He was a Canadian who spoke fluent French. He was a husband and father who adored his family. He was great at fixing and creating; his garage was acually a well-stocked and beautifully organized workshop. His autobiography, The Answer Is, was published a few months ago. He loved his job and all the people with whom he worked – especially the contestants. And he set a record for hosting the same TV quiz show, Jeopardy, for 36 years.
His name is Alec Trebec and he brought an aura of intelligence and a competitive spirit to quiz show fans. When the announcer, Johnny Gilbert shouted, “This is Jeopardy”and Alex Trebec walked out on stage, the studio audience screamed, and I settled in my recliner to watch my favorite show along with millions of nerdy fans who reserved the 7:30 slot every week night or, as the world became more sophisticated, recorded it.
Alex Trebec died a few days ago, less than two years after his diagnosis of stage 4 pancreatic cancer diagnosis. Because he had long ago won over his viewers, admiration for him only grew as he candidly shared his cancer journey with his fans. He joked about the wig he didn’t like, shared openly about his struggles with chemotherapy, shed tears when the contestants shared their love and concern for him, and relished the weeks he could work.
He said that he didn’t “foresee” retiring from the show. And he never did. His final day in the Culver City, California studio was October 29, as he wrapped up a season of shows just 10 days before his death. On October 29 he taped five shows in a row (as he had the day before) – his regular schedule. His producer knew he was in terrible pain, though no one else coud tell. The final episode airs on December 25.
I was one of Alex Trebec biggest fans for decades. It was the only show I watched where time flew. Twenty-four minutes into the broadcast, the game was over, and the victor had been declared — and the ads started. I loved his excitement when the writers came up with a unusual category, his thrill when a contestant answered a difficult question, his pride when winners won piles of money. It seems his most fun came during the Tourament of Champions when top winners came back to play against each other. I was very involved in every game, shouting out answers, yelling at the network when it interrupted the show for “BREAKING NEWS“ or at the cable company when the show was aired in fits and starts.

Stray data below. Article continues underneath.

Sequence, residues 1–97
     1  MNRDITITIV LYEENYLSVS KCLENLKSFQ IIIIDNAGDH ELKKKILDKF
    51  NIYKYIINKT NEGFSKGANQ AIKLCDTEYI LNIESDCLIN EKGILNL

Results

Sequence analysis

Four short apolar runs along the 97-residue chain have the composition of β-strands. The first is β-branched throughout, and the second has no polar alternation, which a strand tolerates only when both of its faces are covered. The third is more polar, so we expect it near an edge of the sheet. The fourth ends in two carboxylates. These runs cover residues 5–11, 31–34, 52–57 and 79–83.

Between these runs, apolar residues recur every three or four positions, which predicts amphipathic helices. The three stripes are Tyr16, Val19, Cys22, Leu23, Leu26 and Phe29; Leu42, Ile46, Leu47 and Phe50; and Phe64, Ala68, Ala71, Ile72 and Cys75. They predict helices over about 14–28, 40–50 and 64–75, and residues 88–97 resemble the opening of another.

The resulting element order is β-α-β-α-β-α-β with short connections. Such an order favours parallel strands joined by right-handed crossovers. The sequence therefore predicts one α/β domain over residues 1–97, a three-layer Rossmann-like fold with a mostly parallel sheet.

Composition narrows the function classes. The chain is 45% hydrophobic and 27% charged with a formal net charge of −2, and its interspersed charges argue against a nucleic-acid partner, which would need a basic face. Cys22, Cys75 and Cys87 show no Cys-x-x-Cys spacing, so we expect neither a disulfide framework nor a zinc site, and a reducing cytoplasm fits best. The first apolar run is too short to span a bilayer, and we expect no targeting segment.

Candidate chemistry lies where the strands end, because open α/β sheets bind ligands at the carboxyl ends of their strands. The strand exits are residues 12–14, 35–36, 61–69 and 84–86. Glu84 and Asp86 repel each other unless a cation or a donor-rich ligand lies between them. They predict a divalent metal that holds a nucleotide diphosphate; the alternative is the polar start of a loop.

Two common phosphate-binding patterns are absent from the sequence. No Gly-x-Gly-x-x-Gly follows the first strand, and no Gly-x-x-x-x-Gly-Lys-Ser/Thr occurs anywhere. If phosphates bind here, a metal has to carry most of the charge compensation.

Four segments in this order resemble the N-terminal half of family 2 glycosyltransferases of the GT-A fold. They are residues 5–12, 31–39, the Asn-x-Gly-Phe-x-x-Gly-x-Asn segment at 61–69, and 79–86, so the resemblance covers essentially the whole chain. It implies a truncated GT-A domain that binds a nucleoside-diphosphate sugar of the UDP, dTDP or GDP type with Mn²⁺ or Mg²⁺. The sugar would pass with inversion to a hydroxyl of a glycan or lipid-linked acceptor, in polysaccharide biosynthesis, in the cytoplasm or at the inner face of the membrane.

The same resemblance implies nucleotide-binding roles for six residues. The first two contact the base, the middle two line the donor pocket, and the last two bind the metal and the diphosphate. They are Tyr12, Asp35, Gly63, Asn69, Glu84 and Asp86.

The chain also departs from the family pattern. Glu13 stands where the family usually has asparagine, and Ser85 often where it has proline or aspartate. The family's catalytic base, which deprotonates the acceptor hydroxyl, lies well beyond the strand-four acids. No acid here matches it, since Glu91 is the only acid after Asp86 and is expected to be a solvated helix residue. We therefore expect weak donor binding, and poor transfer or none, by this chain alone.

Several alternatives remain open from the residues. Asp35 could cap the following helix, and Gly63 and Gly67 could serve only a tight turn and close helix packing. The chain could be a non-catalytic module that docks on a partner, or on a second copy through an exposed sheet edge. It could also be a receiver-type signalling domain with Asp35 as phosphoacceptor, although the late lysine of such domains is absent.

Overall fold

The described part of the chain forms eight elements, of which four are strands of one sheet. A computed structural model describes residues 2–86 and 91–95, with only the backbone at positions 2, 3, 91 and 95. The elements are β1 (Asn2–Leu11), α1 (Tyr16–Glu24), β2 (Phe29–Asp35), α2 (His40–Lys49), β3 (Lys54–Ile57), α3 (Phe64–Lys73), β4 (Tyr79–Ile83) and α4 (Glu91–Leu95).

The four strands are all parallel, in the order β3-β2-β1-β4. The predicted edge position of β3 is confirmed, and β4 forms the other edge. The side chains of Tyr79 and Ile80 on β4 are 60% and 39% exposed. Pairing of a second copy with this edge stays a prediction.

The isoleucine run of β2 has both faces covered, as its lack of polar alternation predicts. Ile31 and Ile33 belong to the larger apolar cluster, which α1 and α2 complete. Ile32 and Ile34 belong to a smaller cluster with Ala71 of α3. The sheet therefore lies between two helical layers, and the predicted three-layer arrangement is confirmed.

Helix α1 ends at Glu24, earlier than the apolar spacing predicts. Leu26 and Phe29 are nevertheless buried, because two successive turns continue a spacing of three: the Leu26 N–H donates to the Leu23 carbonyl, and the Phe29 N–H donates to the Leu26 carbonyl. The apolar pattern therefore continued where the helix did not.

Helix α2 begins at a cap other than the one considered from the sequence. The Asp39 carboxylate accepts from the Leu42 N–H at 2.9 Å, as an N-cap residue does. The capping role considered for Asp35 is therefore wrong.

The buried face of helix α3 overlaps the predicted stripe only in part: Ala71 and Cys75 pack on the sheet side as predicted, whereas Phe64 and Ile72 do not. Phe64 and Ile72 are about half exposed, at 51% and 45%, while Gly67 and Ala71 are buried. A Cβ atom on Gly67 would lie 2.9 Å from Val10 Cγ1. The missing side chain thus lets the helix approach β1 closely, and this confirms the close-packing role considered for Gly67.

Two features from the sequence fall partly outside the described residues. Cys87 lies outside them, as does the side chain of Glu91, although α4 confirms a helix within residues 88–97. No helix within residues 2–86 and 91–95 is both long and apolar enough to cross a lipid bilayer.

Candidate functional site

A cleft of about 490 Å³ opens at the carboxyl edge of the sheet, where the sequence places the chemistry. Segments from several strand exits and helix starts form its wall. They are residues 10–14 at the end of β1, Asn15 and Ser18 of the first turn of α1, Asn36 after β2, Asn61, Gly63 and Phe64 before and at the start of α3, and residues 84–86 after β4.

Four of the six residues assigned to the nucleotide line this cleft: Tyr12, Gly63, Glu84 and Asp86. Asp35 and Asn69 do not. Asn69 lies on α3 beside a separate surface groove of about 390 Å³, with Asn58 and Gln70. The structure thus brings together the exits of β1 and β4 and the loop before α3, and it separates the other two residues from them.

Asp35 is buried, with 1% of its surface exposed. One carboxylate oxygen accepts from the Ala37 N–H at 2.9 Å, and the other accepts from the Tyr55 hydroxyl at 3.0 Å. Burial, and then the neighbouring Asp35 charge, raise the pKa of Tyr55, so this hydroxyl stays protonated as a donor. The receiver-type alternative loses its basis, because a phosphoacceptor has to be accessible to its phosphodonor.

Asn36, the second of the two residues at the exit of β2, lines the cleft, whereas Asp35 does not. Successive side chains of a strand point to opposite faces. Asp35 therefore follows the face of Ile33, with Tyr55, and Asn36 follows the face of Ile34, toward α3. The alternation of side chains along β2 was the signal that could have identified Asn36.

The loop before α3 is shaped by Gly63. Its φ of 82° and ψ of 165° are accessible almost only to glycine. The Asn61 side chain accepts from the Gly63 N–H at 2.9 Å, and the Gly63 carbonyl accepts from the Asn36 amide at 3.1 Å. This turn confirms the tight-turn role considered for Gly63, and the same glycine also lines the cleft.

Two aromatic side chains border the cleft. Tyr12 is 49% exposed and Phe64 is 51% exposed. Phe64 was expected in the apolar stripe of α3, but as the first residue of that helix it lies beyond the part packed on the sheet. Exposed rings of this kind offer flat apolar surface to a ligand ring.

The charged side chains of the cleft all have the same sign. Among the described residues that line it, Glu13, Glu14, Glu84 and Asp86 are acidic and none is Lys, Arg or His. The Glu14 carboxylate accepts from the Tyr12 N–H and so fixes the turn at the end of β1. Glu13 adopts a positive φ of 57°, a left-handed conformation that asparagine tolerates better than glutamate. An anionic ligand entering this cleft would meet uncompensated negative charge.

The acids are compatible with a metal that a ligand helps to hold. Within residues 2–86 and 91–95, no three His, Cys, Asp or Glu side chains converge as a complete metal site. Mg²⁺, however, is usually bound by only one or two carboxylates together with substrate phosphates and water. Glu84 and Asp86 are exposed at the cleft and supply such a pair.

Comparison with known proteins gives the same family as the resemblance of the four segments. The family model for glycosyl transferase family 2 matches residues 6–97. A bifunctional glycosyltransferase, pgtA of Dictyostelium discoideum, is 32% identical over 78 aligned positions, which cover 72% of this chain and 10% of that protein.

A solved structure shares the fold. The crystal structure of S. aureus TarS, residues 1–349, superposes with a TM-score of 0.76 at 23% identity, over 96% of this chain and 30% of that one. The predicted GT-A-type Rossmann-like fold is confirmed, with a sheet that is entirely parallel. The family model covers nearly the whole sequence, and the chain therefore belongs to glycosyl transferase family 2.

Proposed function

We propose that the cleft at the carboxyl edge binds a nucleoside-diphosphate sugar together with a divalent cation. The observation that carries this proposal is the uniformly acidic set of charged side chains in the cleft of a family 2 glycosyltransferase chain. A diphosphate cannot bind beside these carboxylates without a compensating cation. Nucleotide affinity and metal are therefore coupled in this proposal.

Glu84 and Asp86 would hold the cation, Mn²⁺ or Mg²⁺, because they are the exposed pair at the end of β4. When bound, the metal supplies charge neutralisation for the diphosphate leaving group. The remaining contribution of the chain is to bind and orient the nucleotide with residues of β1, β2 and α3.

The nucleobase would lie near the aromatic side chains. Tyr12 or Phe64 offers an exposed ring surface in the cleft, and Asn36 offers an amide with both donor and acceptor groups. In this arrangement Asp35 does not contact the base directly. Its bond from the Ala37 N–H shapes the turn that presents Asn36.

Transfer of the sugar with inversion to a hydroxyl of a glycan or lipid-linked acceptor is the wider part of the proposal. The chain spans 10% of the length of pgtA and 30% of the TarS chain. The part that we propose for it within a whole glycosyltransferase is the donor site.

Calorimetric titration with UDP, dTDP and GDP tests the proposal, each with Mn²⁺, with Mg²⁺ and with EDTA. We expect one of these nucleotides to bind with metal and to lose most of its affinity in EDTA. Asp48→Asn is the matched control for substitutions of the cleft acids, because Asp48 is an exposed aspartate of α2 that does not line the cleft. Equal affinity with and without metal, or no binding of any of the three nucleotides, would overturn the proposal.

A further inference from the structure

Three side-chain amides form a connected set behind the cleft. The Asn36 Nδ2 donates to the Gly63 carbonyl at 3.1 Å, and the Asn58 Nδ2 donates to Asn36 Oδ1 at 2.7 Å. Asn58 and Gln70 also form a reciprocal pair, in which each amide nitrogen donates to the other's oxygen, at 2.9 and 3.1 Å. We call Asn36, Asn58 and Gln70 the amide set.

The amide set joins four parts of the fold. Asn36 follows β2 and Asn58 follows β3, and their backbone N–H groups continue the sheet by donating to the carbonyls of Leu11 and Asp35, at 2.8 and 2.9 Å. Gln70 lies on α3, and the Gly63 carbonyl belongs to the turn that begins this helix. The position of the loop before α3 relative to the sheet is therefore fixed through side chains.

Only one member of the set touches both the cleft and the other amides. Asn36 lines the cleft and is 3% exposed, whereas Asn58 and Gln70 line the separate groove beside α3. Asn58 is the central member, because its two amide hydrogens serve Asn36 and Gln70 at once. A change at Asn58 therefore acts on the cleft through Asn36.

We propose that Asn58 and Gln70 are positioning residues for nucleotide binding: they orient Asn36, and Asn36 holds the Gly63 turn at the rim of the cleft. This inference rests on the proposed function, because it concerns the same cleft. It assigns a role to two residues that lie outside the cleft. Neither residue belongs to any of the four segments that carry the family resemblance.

I vividly remember a day more than 20 years ago when a contestant from Michigan was doing very well in the Tournament of Champions. I was as excited every night that week as my sons were about the upcoming NCAA basketball championship which involved a Michigan team. That Friday morning, the last day of the championship, I got my breakfast ready and sat down to read the Detroit Free Press as usual. The first thing I noticed “above the fold” on the front page was a picture of our Michigan contestant. I looked at the picture and started reading the story – and then I totally freaked out. My husband and sons came running. “What’s wrong?” |
“This StuPID PAPER!,” I yelled. “This morning they published the winner of the Jeopardy Championship game happens tonight. Why would they do that?” I was upset all day, but I did watch the show and relished in the victory. The next morning I was still mad. I said to myself, “I should write a letter to the editor.” Myself answered back, “They’ll never published a letter from a middle-aged mom in Imlay City, MI.” I argued back and forth and then sat down to write the letter. It went something like this:
Dear Editor, I would like to protest the publication of the name of the winner of the Jeopardy Championship on the morning before the tournament final was aired. Why would you do that?!!! What are you going to do next, publish the winner of the NCAA championship before the game is even played?
I have to say, I’ve written (and had published) magazine stories, newspaper articles, books for new adult readers, and devotionals as well as more than 900 blog posts, but nothing made me prouder than seeing my letter to the editor in the Detroit Free Press.
Last week I watched a batch of taped Jeopardy shows while I waited for my favorite political commentators on MSNBC and the outstanding Steve Kornacki and his “big board” of data try to make sense of the presidential election. During one of those shows a BREAKING NEWS Banner appeared. It announced the death of Alex Trebec, age 80, host of Jeopardy. I turned off the TV and cried.